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These Bollywood Filmmakers Need To Learn From Deepika's Campaign On Mental Illnesses Right Now

Mental illness is not caricature or melodrama.
A still from the film 'Anjana Anjani'.
A still from the film 'Anjana Anjani'.

Deepika Padukone discussing her fight with depression in public was brave. And very important. The reasons are pretty obvious: there are one myth too many about mental illnesses, it is mostly quite a taboo in the Indian society and a celebrity of her stature sharing her personal experience can make it easier for people to seek and extend help.

Following Padukone, several celebs like Karan Johar, Honey Singh and Anushka Sharma have come out in public about their struggle with mental illnesses

However, ironically enough, Bollywood continues to be a medium which often misrepresents mental illnesses. When it is not mocking it, melodrama eclipses a believable representation of such illnesses.

"Depression is an illness which is still more common among the lower socio-economic societies than in the upper affluent society," says Dr Priya Ranjan Avinash, a senior consultant psychiatrist at "Moreover suicide is the second largest killer among the 15-30 age group in India, and mostly in lower and middle class India. This I am emphasising, because such celebrity endorsements can sometimes take our attention away from the larger community, which requires the maximum help."

There have been debates over the authenticity of the depiction of mental illnesses in films like Taare Zameer Par (Dyslexia), Black (Dementia), My Name Is Khan (Asperger's), Udta Punjab (Alcoholism).

However, there are some films which, according to psychologists, have gotten the portrayal of mental illnesses grossly wrong.

Dr Era Dutta, a consultant psychiatrist with Fortis Healthcare, Mumbai agrees: "The movies shown today are helping. However, Indian films in the past have done a lot of damage, which I daresay is permanent," she says.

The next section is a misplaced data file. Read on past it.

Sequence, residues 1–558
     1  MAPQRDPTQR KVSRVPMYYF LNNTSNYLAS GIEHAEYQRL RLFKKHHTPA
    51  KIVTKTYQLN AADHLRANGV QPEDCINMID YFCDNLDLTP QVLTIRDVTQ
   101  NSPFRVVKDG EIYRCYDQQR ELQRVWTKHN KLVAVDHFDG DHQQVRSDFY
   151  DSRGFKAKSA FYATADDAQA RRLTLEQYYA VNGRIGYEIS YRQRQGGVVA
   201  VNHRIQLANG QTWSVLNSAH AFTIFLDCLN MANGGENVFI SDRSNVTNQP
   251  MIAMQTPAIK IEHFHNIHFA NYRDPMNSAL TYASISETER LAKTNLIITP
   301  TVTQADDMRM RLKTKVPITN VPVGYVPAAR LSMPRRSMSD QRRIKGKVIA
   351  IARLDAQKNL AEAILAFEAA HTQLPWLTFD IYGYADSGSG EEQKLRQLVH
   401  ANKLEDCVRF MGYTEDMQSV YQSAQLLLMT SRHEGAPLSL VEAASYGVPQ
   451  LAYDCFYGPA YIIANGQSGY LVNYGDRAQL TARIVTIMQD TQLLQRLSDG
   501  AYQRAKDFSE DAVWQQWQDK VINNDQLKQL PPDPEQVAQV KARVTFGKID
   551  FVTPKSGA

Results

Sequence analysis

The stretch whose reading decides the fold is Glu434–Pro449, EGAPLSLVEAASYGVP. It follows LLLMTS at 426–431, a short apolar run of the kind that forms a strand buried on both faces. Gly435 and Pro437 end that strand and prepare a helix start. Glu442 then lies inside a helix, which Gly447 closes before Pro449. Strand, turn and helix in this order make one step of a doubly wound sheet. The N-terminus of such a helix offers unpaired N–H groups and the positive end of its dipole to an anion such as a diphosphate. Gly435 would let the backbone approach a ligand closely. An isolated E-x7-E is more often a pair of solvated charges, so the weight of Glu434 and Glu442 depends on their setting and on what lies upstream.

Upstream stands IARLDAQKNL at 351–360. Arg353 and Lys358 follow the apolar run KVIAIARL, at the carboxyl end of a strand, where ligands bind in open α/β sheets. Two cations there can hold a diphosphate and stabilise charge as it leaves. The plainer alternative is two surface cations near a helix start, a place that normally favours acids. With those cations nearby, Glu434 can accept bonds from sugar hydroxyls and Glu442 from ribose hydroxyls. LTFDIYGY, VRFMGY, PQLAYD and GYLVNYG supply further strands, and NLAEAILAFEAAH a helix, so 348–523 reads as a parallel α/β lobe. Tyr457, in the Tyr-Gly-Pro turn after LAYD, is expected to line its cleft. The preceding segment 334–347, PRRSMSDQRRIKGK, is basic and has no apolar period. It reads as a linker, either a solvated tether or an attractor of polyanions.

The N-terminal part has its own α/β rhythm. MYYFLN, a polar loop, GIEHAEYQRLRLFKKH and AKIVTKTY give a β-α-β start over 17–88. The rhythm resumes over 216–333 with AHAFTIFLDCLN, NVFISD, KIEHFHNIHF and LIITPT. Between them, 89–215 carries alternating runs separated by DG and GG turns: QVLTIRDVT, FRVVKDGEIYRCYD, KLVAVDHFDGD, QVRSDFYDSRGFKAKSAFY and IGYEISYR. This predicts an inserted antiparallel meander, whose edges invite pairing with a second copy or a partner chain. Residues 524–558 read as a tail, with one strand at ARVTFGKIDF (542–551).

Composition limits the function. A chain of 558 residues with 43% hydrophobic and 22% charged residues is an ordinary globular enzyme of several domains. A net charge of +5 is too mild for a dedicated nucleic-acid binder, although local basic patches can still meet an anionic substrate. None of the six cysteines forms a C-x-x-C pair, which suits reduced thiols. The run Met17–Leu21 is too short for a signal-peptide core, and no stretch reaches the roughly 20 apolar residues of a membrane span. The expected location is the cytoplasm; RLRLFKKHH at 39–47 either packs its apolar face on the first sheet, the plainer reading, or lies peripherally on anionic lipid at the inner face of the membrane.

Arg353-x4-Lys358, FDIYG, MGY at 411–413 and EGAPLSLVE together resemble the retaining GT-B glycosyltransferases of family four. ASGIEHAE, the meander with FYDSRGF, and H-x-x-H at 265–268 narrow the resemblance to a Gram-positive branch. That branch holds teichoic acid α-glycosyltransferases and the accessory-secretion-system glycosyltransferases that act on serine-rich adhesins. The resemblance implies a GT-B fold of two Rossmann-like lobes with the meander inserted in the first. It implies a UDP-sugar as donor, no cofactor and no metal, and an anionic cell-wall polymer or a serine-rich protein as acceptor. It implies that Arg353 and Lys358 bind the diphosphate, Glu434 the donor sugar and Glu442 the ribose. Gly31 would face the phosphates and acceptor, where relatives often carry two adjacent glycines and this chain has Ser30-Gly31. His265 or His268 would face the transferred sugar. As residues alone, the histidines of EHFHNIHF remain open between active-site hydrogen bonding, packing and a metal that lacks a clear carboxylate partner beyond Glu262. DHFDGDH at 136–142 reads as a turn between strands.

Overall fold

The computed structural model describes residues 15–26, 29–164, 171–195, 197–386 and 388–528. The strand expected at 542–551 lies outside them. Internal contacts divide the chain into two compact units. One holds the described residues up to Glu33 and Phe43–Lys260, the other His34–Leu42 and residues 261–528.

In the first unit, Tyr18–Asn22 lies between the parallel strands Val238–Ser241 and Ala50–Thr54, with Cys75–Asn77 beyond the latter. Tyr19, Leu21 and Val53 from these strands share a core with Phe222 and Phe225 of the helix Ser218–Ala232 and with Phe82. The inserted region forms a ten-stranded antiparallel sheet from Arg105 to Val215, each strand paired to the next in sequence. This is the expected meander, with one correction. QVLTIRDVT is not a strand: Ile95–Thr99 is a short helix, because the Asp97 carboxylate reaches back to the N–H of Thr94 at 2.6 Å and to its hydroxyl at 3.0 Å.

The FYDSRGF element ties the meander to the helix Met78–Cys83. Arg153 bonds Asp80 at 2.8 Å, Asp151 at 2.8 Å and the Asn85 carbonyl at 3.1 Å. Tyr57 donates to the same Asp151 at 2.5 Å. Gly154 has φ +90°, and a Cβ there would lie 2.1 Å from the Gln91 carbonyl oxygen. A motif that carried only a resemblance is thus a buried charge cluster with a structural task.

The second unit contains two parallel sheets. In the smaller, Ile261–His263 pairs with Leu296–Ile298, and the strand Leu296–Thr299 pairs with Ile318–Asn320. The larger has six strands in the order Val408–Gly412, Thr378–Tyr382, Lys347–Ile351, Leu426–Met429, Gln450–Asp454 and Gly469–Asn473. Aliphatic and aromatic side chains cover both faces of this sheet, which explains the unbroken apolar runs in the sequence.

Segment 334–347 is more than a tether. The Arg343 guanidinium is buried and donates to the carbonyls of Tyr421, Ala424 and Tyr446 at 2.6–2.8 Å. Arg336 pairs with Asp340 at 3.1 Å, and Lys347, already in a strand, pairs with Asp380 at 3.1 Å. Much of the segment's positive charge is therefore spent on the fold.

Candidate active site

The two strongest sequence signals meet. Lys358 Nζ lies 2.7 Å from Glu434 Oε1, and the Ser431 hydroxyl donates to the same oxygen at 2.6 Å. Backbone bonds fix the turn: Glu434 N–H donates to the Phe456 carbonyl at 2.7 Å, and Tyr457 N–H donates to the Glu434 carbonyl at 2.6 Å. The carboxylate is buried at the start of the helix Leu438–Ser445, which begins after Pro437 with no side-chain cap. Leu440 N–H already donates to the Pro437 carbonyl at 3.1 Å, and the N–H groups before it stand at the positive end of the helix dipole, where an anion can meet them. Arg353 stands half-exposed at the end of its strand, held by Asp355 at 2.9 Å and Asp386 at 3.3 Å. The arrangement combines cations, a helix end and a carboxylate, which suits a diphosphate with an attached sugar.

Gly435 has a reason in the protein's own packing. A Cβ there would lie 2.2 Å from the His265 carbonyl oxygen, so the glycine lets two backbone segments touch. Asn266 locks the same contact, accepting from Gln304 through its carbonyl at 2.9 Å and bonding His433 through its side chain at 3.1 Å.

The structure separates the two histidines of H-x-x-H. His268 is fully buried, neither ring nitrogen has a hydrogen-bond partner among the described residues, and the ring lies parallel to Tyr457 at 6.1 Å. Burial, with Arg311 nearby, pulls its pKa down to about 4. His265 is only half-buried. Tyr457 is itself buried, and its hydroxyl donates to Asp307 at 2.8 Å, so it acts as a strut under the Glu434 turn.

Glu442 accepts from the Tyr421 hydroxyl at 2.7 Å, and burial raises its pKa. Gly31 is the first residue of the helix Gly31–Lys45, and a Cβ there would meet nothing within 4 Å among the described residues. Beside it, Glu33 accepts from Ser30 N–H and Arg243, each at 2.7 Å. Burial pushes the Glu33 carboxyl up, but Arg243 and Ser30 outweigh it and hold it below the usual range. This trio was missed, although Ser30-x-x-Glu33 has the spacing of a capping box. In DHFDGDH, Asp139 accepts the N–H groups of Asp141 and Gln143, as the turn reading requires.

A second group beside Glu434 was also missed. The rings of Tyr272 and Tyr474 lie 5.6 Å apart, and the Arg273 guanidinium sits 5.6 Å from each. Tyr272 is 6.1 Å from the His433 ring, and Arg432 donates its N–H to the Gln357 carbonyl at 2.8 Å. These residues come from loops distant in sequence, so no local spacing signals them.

Here are a few movies that these experts feel have severely misrepresented mental illnesses.

Karthik Calling Karthik -- Vijay Lalwani

The psychological drama features Farhan Akhtar playing Karthik, a man with schizophrenia. The schizophrenia bit is kept as a 'mystery' for the better part of the film, and it is later revealed that the schizophrenic protagonist calls himself up and encourages himself or discourages himself. This leads to Karthik leading a tumultuous life.

Saima Fahreen, a Chennai-based psychiatrist who has also done a masters course in criminology, says that the idea of a person using schizophrenia to give himself confidence is unheard of as an actual symptom. "There are mood swings and suicidal attempts, but this is not accurate," she says.

"Although the concept was interesting, the writing and execution failed in accurately depicting schizophrenia," says Anureet Sethi, clinical psychologist and co-founder of Trijog. Her co-founder Arushi agrees saying the depiction of the illness was extremely ambiguous. "It lowers the sensitivity of the condition by calling it a 'secret'.

Kyon Ki -- Priyadarshan

This film tells the story of Anand who is diagnosed with a mental disorder which makes him violent after losing his lady love. He then goes on to fall in love with a doctor at the hospital he is admitted in. Salman Khan plays the role of Anand.

Apart from Salman Khan, nothing works for the movie says Dr Dutta. "The medical procedures showcased were from a gone era or fictional books, and no longer used. The usage of electro-convulsive therapy in such a brutal manner is completely fictional, and psychiatrists don't perform lobotomies. It was rather misleading that a doctor would punish a patient to this grave extremity," she said. The movie has in the past been ridiculed for its fallacious representation of patients, as well as the insensitive language used to describe them, including the word asylum to describe a nursing home.

Humshakals -- Sajid Khan